Looking Forward, Looking Back
We are staring down the final two weeks before departure to bring our darling baby home. And, as is the ever changing face of international adoption, times are a-changin'. Much publicity has been given to this article, written last week which challenges adoption as the best solution to the orphan crisis in Ethiopia.
Speaking for myself, and perhaps other adoptive parents (from Ethiopia or otherwise), let me say this: No adoptive parent in their right mind believes that adoption is a cure-all for the world's plethora of problems. Any adoptive parent worth his or her salt will tell you that adoption is simply a Mickey Mouse band-aid on a massive hemorrhage. And any reputable adoption agency will ask, no, require of its adoptive parents, a commitment to the country and its waiting orphan children. Our agency offers several ways for adoptive families to become invested in the country of their adopted children's birth. One way is through sponsorship programs. From our agency's website:
There are many orphan children in Ethiopia. Years of terrible events, including war, famine and disease – particularly HIV/AIDS – have produced a society where many children have no parents. Often elderly grandparents or other relatives try to raise the children, but many are too old or in such deprived circumstances that they simply cannot provide even basic needs. As a result, there are many children being relinquished to orphanages or fending for themselves in the streets. AAI recognizes that international adoption cannot meet the needs of all the orphaned children in Ethiopia and therefore has developed sponsorship programs to serve those children who are able to live with extended family members or neighbors while they continue their schooling. One program focuses on the older siblings or family members of children adopted through AAI (the Orphan Student Project) and the other is a sponsorship of students in Nazret, Mukatore & Sheshamone (Orphan Student Education Fund).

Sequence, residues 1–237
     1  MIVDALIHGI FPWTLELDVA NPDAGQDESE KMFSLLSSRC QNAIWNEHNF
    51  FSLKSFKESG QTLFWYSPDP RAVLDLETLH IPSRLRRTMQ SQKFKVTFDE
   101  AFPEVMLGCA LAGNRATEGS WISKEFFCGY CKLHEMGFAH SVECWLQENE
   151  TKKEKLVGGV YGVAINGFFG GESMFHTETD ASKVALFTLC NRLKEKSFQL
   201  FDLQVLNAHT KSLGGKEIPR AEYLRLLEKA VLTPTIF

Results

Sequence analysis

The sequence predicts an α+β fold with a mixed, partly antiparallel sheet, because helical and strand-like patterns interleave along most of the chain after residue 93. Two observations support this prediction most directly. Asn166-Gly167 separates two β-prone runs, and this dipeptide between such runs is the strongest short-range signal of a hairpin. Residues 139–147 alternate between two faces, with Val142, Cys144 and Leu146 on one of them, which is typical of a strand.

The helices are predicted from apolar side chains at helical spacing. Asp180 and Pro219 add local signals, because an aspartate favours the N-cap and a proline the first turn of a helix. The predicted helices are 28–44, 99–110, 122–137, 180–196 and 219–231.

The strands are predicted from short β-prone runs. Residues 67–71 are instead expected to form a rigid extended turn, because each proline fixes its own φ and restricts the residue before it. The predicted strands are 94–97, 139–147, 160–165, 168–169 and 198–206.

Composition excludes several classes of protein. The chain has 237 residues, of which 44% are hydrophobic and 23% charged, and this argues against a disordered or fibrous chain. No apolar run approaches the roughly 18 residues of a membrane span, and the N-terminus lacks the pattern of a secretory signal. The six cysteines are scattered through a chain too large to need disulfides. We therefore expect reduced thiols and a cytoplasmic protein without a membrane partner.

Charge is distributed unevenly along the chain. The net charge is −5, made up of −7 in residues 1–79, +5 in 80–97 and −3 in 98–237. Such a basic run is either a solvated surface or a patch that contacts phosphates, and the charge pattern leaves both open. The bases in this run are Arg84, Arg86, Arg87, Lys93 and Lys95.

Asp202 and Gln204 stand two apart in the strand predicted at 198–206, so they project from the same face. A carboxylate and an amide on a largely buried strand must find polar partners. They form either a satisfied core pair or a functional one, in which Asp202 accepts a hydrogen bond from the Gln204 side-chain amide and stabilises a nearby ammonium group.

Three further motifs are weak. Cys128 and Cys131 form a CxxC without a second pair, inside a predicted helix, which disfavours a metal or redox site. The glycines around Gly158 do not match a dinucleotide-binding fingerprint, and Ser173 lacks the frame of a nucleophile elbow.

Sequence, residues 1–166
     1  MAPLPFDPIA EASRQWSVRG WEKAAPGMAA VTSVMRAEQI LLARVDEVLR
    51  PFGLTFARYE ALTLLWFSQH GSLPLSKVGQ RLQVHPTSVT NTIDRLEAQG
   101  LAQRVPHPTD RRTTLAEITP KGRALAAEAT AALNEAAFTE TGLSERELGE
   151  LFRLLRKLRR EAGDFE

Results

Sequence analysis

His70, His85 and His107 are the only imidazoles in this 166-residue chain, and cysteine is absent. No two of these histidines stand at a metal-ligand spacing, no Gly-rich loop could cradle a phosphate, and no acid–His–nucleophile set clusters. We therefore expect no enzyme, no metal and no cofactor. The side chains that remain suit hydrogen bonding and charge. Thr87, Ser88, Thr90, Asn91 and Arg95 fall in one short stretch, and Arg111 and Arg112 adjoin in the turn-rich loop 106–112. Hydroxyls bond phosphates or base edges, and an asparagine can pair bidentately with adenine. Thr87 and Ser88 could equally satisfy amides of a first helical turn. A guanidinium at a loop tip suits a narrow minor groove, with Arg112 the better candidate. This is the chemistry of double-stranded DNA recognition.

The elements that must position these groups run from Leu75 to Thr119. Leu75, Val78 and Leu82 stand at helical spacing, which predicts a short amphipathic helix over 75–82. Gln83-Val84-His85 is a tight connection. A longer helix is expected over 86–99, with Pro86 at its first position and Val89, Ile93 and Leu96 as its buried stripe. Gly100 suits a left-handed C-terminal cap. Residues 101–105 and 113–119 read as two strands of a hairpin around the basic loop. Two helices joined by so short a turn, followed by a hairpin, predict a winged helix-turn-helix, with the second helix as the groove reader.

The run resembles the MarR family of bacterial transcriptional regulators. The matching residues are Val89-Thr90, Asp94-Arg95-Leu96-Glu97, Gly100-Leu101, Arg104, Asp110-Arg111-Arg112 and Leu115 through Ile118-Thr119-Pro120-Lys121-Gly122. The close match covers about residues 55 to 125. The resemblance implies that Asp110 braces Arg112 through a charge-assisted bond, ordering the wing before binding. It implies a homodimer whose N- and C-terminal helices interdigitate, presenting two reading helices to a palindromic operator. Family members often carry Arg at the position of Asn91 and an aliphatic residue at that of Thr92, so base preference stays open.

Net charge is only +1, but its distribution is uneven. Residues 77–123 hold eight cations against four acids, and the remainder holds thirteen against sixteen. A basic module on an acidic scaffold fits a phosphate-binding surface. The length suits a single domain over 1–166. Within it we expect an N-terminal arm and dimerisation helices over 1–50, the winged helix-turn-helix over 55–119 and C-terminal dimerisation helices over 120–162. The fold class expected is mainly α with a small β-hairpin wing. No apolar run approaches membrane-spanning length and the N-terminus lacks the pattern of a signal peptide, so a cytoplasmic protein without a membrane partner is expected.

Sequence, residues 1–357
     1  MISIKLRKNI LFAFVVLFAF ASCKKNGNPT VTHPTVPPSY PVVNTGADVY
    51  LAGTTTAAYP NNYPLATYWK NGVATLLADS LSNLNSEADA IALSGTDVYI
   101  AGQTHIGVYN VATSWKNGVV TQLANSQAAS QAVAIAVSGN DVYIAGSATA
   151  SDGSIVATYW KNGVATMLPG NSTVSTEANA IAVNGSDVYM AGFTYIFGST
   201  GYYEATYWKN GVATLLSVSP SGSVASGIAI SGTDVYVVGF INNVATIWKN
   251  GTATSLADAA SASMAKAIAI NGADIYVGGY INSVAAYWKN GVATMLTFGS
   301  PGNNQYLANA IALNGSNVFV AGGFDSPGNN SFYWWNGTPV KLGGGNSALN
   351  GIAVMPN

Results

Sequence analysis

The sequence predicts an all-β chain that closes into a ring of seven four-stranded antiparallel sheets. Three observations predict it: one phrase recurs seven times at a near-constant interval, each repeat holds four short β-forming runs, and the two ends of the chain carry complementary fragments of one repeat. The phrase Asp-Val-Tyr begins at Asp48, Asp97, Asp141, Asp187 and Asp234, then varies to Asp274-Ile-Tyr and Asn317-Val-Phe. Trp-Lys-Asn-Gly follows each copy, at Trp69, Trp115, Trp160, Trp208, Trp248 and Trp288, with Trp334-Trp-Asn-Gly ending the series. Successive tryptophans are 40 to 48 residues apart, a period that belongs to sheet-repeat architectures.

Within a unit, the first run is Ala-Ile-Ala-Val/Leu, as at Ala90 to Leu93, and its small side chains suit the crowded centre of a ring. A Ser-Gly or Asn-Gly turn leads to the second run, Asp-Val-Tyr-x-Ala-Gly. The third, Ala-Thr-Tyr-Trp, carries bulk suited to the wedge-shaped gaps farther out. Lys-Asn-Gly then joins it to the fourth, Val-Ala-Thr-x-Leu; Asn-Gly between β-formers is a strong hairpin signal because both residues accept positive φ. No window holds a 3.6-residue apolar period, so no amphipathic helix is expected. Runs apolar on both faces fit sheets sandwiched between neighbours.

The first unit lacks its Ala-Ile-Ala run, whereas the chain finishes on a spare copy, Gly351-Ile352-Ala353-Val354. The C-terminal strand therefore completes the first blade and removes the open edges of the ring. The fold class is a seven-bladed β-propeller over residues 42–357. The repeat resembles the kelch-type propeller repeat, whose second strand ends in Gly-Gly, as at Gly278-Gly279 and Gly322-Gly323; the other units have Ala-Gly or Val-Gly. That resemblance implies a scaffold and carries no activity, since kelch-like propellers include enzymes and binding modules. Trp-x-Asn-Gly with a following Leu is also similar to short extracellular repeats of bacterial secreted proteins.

And its not just the children who are able to be sponsored. In an ongoing effort to provide the best childcare possible and keep staff turnover low, there are sponsorship programs aimed at staff education. In Ethiopia, where higher education is not the norm for women, this is a tremendous blessing to the women who work in the orphanage.
They have an active volunteer program, which allows for Americans over the age of 18, who meet certain criteria, to give of their time and talent as a volunteer working with orphan children in their orphanage, Layla House. This program has even included young adults who once lived, as orphans, at Layla House themselves, who return to volunteer to help.
If these programs don't speak for themselves in AAI's willingness to give back to the country that has shared their children, their most precious resource, with the world, read this:
Dessie is a town of 100,000 people nestled in the hills approximately 200 miles north of Addis Ababa, on the road to Djibouti. It is a town – like many in Ethiopia – which is mired in poverty and has been devastated by the HIV/AIDS pandemic.
Over the past few years, the town leaders have invested time and money beginning to build a much needed school building. When they ran out of funds, they sought the assistance of the Ethiopian Ministry of Education, which recommended that they submit a proposal to AAI for financial support. AAI has agreed to assist in raising funds to finish the school and to help build another school building so that all the children in the town would be able to fulfill their dream of finishing their education. Read more here.
It is difficult in the last few weeks of adoption, no matter how big the blessing, to ruminate on the reality of what is about to happen. What the future holds for our family, for our adopted children and for the orphans in the country of Ethiopia remains to be seen. But we must constantly remind ourselves that there is more to adoption than money. Behind all of the numbers are real people each with a story to tell. And many are in need of something more than donated parcels of food, shelter and clothing. You may have all the riches of the world, but if you have not love...